Time:4:30 pm.
The Netherlands isn't big on credit cards, and even less on American credit cards where you swipe your card somewhere and then sign a piece of paper. So I usually use a lot of cash when I come here.

But my ATM card was a bit the worse for wear - I should have replaced it before the trip, but that just isn't the sort of thing one thinks about. So I got a couple hundred euros out at the airport, and the card crinkled a bit, but worked fine. Second try, the card got stuck in the machine, which, according to good banking practice, seized it and destroyed it. So I have been trying to get cash ever since.

American Express gave me an emergency, one-use-only PIN for my AMEX card. That ATM machine would only give 200 Euros at a time, so that's what I've got for my remaining 9 days.

I went out to eat with my work colleagues on Thursday night - great! I'll pay with a credit card, and they can give me cash. Except the restaurant didn't take credit cards. None at all, of any kind. So I paid cash.

My bank says that I can go into any banking center, with two forms of ID, and get a cash advance from a credit card. Except that Dutch banks no longer have cashiers; everything happens through ATM machines. So not in a Dutch bank. The Postbank has cashiers, but they aren't a bank.

So let's try Western Union. I tried to wire myself money over the web. But the security questions they ask involved transactions that happened in some cases seven years and two household moves ago - I don't remember the details. I also think they might have had one of them wrong. Once you miss the security questions, you have to walk into a Western Union branch (in the US, of course), to establish your identity.

AMEX can still help me; they can get emergency cash to one of their centers. The nearest one is somewhere out past Oosterpark. Not so very far away, but a trek that I don't want to have to do.

I'll see just how far these 200 will take me. Maybe I'll take to buying things from shops and selling them to passers-by for cash.
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Saturday, August 1st, 2009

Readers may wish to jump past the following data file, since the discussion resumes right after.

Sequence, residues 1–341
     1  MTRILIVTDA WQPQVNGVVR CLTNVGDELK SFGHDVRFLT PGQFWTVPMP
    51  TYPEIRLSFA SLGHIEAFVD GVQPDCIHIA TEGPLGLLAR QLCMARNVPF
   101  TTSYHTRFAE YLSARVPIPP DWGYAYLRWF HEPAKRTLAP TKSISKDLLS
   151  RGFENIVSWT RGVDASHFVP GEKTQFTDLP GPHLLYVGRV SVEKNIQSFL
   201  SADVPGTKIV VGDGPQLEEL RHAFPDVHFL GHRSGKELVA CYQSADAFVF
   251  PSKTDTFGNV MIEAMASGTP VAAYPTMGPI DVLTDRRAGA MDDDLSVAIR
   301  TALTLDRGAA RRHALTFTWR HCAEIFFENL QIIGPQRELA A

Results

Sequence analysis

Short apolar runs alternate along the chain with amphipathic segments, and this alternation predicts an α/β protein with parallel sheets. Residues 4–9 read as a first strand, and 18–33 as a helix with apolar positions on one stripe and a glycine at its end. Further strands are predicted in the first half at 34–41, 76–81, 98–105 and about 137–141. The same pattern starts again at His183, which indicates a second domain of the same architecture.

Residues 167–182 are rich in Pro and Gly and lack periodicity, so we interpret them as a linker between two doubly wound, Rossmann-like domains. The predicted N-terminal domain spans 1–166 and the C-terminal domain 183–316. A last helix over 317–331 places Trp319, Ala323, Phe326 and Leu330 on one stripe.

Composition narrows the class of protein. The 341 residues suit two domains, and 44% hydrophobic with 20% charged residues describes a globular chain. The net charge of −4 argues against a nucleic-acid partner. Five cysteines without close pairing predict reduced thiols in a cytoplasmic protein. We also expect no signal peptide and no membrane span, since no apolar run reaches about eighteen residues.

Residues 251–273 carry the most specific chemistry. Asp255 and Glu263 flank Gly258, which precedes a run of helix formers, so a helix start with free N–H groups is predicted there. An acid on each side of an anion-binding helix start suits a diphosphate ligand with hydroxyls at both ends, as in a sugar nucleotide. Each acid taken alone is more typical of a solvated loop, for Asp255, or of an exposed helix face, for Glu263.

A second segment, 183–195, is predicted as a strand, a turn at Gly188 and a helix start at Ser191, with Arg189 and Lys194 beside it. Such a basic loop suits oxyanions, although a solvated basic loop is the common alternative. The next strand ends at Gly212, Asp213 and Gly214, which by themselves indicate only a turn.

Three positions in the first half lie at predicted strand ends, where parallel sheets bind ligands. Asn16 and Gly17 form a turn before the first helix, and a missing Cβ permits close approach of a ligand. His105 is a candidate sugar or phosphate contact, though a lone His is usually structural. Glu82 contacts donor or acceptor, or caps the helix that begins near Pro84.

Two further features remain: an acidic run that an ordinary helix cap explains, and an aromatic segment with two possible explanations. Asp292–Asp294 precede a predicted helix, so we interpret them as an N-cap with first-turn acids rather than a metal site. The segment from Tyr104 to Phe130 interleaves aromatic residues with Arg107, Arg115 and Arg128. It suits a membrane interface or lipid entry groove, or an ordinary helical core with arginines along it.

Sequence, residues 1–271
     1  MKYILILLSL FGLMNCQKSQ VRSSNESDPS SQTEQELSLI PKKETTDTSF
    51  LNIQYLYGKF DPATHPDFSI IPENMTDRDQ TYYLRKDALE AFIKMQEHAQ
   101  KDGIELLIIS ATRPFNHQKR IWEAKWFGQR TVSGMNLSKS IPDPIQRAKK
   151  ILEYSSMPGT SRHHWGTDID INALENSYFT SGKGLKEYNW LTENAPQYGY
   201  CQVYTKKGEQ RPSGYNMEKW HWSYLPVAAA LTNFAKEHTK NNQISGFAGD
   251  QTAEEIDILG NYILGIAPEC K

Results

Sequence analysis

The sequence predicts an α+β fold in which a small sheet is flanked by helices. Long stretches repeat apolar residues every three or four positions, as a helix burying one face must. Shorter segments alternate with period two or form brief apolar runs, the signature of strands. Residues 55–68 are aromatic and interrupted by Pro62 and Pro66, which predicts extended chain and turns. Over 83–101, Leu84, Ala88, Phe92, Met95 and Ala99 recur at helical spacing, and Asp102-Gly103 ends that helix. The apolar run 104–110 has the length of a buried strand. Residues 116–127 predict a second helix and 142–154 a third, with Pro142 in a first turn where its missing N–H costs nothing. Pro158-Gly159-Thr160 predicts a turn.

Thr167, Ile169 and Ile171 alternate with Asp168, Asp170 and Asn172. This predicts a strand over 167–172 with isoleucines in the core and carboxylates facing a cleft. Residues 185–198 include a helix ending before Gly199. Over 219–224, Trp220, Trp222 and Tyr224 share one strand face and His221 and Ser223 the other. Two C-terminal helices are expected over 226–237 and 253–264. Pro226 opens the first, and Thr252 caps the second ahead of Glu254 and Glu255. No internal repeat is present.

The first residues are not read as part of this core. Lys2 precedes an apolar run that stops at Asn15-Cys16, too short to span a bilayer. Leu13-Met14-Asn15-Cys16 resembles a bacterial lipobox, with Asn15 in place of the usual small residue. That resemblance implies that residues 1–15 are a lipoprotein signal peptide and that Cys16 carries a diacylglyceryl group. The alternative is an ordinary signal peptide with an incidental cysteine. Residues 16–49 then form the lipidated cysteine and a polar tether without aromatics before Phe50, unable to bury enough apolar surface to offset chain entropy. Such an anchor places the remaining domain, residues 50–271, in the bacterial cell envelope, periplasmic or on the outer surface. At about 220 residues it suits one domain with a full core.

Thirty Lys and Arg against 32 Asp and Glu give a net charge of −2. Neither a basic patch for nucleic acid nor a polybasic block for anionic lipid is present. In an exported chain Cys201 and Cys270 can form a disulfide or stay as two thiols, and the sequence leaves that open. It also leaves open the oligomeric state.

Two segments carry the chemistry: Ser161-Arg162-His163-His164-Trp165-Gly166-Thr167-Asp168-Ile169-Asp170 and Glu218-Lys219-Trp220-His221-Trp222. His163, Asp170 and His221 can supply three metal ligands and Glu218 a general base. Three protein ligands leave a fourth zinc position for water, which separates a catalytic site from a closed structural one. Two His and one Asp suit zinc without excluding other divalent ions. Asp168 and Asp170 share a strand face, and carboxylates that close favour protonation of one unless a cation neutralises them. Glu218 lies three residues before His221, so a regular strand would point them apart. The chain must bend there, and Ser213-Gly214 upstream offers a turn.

Subject:Recursion R Us
Time:9:43 pm.
This afternoon, I stood in my apartment, looking for signs of the production of the movie that was shot there. The scene in particular that I was thinking of was one where the protagonist in the film is standing in his apartment - which was filmed in my apartment - looking for signs of a movie that was shot there (here).

He found them; I didn't. Good thing, too, if you know how the movie (either one) ends.
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Monday, July 20th, 2009

Time:8:46 am.
The East Bay Frontrunners had an excursion to Seattle for the weekend. Lots of fun times, including a surprise meetup with susandennis. What a charmer! Seattle is still set in the fitness craze of the 70's and 80's; there were a dozen running clubs, with hundreds of runners, at the lake where we met. The Seattle Frontrunners alone contributed 80 or so to the crowd (and this was a 'light turnout', due to competing scheduling!)

I have wondered on several occasions why I see races being won by men over 35 or even over 40 with times that my 29 year old self would have considered to be a training pace. Where are all the 20-somethings who can run like we did when I was 20? Now I know. They are in Seattle.

Some funny photos were taken over the weekend - if I get ahold of them, I'll post them here (or maybe on FB)
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Saturday, May 16th, 2009

Subject:Zany life in Oakland
Time:8:13 am.
Oh yeah, another one bites the dust. People shoot at each other all the time around here. Police helicopters are common as birds.

But this time it isn't a gang member shooting a rival, or someone who didn't make the payment on their crack habit. It is a sweet, 97-year old woman who was killed in her home for no apparent reason.

Reading the story, I figured out which building it was. Then I saw a photo that confirmed it. You can't quite see my front door in the background. My building is two doors away. I have friends in this building.

I always figured that it was so difficult to get into the big apartment buildings that they would be the last place that this sort of attack would happen. But the Van Buren is pretty secure; you can't get in the front door without assistance, and you can't move around in the elevators without a code. But it happened here anyway. My building is less secure in many ways (but more so in one way; my building is built around an interior court; you can't move anywhere without being visible to absolutely everyone).